Smuggling of non-custom paid vehicles from Afghanistan into Pakistan is on the rise with growing suspicions that many of these are being used in terrorist activities. Thousands of vehicles are being sneaked in through notified checkpoints along the Afghan-Pakistan borders or through areas that do not have tight border controls in Khyber Pakhtunkhwa province.
The use of the unregistered vehicles in terrorist activities was flagged in reports by security agencies, following which the issue was discussed at a meeting of a provincial apex committee. The committee recommended that the government initiate registration of all smuggled vehicles.
However, the provincial government, which had initially agreed on the policy, backed out following pressure from different political parties. Security agencies expressed concerns over the provincial government's altered stance. "The provincial government could not sustain political pressure on the issue only for six days. What else can we expect from the government?" a senior security official was quoted by the Dawn as saying.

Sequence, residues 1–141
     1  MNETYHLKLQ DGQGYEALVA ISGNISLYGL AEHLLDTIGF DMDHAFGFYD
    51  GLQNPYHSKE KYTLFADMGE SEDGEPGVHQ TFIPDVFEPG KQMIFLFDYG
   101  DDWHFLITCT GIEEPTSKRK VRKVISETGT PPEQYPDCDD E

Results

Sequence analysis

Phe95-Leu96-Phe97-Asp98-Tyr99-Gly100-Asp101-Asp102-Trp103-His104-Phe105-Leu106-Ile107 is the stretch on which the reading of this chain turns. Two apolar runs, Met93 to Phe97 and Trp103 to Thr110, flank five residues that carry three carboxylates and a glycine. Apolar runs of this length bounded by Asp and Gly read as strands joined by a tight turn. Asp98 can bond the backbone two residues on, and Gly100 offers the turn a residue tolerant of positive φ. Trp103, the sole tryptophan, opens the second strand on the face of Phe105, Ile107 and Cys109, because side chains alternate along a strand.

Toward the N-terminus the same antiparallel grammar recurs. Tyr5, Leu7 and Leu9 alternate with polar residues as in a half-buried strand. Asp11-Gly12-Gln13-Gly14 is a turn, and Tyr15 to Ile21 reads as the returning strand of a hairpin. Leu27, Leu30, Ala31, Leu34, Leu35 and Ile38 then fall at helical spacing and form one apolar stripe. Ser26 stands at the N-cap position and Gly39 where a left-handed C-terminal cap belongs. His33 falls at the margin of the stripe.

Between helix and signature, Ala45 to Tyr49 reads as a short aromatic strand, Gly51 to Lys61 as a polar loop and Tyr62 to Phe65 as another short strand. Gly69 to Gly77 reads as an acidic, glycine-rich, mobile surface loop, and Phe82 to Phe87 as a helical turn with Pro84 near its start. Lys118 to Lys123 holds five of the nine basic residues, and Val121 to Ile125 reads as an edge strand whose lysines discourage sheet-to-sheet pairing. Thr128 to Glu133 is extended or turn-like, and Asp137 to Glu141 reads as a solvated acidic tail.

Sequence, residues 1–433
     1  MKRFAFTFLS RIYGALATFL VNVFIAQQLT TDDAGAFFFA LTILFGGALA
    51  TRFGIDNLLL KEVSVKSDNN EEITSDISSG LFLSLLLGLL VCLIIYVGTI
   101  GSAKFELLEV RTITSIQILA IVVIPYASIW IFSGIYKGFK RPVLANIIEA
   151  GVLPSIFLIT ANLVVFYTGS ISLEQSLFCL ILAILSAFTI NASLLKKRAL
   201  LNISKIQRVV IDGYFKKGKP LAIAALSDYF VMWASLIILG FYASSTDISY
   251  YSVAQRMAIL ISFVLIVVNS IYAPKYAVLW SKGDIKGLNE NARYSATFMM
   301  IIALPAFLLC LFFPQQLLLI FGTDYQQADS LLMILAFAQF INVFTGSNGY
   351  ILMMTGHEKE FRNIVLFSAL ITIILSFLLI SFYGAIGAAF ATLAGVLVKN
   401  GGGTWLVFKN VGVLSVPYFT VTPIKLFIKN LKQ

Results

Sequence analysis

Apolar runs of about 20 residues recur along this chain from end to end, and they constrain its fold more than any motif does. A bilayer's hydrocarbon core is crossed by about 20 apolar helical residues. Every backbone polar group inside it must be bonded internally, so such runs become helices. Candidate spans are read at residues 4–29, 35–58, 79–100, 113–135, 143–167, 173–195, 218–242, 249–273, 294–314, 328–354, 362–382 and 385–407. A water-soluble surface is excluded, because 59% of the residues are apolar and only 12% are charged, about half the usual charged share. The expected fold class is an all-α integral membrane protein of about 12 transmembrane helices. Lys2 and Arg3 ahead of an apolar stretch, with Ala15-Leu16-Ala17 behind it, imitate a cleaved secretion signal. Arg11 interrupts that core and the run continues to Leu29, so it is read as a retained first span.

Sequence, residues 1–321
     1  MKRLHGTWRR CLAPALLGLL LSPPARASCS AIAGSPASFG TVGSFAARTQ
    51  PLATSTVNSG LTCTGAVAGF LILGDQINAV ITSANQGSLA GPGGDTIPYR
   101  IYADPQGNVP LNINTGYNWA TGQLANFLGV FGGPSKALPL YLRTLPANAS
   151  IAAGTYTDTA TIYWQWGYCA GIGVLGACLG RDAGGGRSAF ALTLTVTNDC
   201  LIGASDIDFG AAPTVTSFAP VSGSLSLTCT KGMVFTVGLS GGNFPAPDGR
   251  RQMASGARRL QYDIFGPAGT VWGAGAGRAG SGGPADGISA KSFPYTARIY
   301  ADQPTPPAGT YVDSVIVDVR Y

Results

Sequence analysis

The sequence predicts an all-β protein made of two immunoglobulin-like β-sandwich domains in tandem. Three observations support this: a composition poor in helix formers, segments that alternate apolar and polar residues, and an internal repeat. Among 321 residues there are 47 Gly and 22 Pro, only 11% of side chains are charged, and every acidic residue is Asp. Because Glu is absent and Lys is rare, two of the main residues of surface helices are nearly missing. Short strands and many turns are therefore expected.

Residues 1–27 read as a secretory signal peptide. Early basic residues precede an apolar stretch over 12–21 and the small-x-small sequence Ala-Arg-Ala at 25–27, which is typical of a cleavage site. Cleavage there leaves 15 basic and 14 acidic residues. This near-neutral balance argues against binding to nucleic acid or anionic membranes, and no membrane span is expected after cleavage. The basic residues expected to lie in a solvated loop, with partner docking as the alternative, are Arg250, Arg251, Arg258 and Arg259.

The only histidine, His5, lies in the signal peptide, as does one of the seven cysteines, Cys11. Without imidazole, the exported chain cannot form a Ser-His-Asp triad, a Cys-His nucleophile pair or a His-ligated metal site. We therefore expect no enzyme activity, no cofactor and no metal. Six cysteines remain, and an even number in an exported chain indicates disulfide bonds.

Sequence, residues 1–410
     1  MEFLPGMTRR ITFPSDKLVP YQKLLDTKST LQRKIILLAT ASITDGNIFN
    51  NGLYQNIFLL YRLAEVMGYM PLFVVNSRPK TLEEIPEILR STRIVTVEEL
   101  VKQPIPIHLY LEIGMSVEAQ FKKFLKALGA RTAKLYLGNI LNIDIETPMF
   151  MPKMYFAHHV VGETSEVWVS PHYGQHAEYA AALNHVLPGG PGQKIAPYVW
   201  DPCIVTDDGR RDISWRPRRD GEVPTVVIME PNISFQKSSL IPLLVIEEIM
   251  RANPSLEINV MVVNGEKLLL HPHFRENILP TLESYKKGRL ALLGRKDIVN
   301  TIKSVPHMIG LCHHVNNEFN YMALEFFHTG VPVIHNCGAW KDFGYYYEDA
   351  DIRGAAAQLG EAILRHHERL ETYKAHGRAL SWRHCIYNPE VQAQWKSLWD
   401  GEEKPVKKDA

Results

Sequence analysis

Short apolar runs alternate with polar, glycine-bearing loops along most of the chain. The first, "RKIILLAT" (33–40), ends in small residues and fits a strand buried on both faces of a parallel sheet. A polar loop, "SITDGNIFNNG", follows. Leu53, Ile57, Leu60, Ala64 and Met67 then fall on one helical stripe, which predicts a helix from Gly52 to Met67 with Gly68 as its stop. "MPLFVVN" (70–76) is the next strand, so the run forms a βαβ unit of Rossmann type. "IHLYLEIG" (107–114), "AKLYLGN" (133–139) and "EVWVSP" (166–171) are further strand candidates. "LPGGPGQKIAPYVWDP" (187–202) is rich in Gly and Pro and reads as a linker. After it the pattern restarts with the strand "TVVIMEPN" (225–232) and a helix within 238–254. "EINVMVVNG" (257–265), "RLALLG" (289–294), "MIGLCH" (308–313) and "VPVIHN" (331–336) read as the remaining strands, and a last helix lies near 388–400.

Car dealers who are involved in the alleged sale of smuggled vehicles in Pakistan reportedly said that smugglers use notified checkpoints along the Afghan border and main highways in Khyber Pakhtunkhwa to sneak in non-custom paid vehicles to sales centres located in Federally Administered Tribal Areas (Fata) in northwestern Pakistan and Malakand district.
The smugglers normally charge around Rs 70,000 (£507, $668) to smuggle the vehicles, a dealer told the paper.
Fata and Malakand, which still do not have fool-proof border controls in place, have allegedly become major hubs of the smuggled vehicles in Pakistan, sources told the paper, adding that there has been a substantial rise in the number of unregistered vehicles in the past three years. According to police officials in all the seven districts in Malakand, they have so far registered more than 120,000 vehicles, with around 150,000 on display at the sale centres.
"All non-custom paid vehicles are transported to Malakand via motorway or Grand Trunk Road passing through Peshawar valley with the connivance of police and other agencies," a dealer said.
A security official was quoted by the paper as saying that smugglers mostly strike deals with officials before bringing in their vehicles "to provide safe passage" from Afghanistan to Parachinar in Pakistan.